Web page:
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I have a list like {{a,x},{b,y},{c,x},{d,z},{e,y}} and would like to produce from it a list formed by collecting all top-level elements whose second components are the same into a single list. For the list above, the desired output would be { {{a,c},x}, {{b,e},y}, {d, z}}. Here x, y, and z could also be lists, if that matters. This seems like an application of Reap and Sow. But the on-line documentation of these functions is pretty poor, and the examples don't add much. Shifrin's book keeps referring to a discussion of Reap and Sow in Part II, but I can't actually find a part II. Is there a resource somewhere that I can look at to understand the ins and outs of these functions, and see some real examples of how to use them?

The simple Reap[Map[Sow[#, #[[2]]] &, r]], where r is the list above, produces almost what I want, but instead of {{a,c},x} above, it produces {{a,x},{c,x}}.

(I'm sure that someone will post a solution to my programming problem; for that I would be grateful. But I really would like to understand these functions better.)

EDIT: The code Reap[Map[Sow[#[[1]], #[[2]]] &, r], _, {#2, #1} &] // Rest does the trick. Perhaps there's a better way. In any case, my question about documentation still stands.

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Probably GatherBy is the way to go here. What in the docs is unclear/missing in your opinion? There are several answers using Reap/Sow around, a search may be useful. –  Yves Klett Mar 16 at 13:38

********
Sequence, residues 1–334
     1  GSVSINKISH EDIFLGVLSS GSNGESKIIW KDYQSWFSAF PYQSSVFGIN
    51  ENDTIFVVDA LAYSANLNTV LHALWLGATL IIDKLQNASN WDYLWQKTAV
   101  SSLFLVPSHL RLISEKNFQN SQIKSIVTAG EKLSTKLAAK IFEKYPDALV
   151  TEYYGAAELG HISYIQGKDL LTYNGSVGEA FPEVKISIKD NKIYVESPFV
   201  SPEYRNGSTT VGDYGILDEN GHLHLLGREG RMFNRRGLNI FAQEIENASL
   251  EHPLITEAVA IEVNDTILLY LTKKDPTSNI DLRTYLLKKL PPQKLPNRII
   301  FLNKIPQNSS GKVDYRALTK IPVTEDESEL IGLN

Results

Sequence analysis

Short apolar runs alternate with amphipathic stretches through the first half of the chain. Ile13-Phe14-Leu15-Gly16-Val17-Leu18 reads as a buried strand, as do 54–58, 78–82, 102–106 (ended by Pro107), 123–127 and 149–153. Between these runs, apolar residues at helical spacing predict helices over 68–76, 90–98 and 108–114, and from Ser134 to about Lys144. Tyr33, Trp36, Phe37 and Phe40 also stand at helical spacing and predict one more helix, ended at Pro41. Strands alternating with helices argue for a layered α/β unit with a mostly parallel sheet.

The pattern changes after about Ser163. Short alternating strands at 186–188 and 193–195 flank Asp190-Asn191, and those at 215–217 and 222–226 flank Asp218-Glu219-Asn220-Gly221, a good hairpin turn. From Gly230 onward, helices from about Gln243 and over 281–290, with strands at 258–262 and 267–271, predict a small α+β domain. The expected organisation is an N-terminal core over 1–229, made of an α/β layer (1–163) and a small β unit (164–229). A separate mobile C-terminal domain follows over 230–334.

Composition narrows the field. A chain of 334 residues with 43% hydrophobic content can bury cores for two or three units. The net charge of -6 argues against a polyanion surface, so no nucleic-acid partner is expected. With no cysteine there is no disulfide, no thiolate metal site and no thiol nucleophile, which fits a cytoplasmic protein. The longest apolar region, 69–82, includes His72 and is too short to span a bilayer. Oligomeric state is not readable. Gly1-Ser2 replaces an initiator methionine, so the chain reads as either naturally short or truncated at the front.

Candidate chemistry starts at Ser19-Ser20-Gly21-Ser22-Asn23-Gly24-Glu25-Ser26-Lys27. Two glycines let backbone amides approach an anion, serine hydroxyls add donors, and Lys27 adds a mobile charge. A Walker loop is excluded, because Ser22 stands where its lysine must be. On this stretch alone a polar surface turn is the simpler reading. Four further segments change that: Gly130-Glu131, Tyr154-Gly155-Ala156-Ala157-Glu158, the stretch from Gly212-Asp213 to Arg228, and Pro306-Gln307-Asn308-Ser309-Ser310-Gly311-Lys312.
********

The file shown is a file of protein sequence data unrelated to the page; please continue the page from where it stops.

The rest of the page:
@YvesKlett My major whine was that there seemed to be no way to see exactly what Sow was doing, but looking at more examples, I realized that providing an undefined function name as the third argument of Reap will show me exactly what my Sow produced. I'm much happier now. And GatherBy with a little postprocessing worked as well, so now I have two possible solutions. –  rogerl Mar 16 at 14:02

1 Answer 1

up vote 4 down vote accepted

This question may be deemed a duplicate, as the specific operation has been addressed before (actually quite a few times as I recall). Nevertheless I shall attempt to provide a useful answer regarding Sow and Reap. First, I there are many examples of the use of these functions on this site, and I encourage you to search for them, as they will provide a broader application than is practical in a single answer.

For your given example you could write:

data = {{a, x}, {b, y}, {c, x}, {d, z}, {e, y}};

Reap[Sow @@@ data, _, {#2, #} &][[2]]
{{{a, c}, x}, {{b, e}, y}, {{d}, z}}

This doesn't quite match your desired output but it is a more consistent format.

However, you mention: "Here x, y, and z could also be lists, if that matters." Yes, it does matter, because if the second argument of Sow is a list it is not treated as a single tag but a list of tags. Therefore you need to wrap the list itself in {} to have it treated as a single tag. First an example of the failure:

x = {1, 2, 3};

Reap[Sow @@@ data, _, {#2, #} &][[2]]
{{{a, c}, 1}, {{a, c}, 2}, {{a, c}, 3}, {{b, e}, y}, {{d}, z}}

And then the correction:

Reap[Sow[#, {#2}] & @@@ data, _, {#2, #} &][[2]]
{{{a, c}, {1, 2, 3}}, {{b, e}, y}, {{d}, z}}

A few posts you should read:

Perhaps also of interest:


Version 10 update: although specifically Reap and Sow were requested I think it is worth noting that this can be done with Associations as well, e.g.:

{#2, #} & @@@ Normal @ GroupBy[data, Last -> First]
{{{a, c}, x}, {{b, e}, y}, {{d}, z}}
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